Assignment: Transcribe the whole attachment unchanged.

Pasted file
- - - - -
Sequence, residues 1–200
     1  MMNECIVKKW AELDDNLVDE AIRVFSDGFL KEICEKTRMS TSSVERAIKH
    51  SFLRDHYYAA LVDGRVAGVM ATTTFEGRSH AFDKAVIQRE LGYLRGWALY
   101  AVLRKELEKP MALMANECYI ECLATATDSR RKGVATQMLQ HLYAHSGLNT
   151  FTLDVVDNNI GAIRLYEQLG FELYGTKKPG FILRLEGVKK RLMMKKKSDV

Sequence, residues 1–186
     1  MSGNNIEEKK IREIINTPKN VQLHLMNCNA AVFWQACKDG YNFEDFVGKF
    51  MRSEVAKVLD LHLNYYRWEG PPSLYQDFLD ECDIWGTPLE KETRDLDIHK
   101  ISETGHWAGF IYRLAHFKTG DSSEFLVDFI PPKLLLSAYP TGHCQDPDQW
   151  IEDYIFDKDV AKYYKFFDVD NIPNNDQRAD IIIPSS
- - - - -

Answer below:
Sequence, residues 1–200
     1  MMNECIVKKW AELDDNLVDE AIRVFSDGFL KEICEKTRMS TSSVERAIKH
    51  SFLRDHYYAA LVDGRVAGVM ATTTFEGRSH AFDKAVIQRE LGYLRGWALY
   101  AVLRKELEKP MALMANECYI ECLATATDSR RKGVATQMLQ HLYAHSGLNT
   151  FTLDVVDNNI GAIRLYEQLG FELYGTKKPG FILRLEGVKK RLMMKKKSDV

Sequence, residues 1–186
     1  MSGNNIEEKK IREIINTPKN VQLHLMNCNA AVFWQACKDG YNFEDFVGKF
    51  MRSEVAKVLD LHLNYYRWEG PPSLYQDFLD ECDIWGTPLE KETRDLDIHK
   101  ISETGHWAGF IYRLAHFKTG DSSEFLVDFI PPKLLLSAYP TGHCQDPDQW
   151  IEDYIFDKDV AKYYKFFDVD NIPNNDQRAD IIIPSS